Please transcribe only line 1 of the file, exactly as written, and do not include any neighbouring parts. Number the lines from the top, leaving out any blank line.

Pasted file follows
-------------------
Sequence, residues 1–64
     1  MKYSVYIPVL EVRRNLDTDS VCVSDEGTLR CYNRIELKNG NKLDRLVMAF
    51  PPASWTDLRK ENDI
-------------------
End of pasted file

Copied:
Sequence, residues 1–64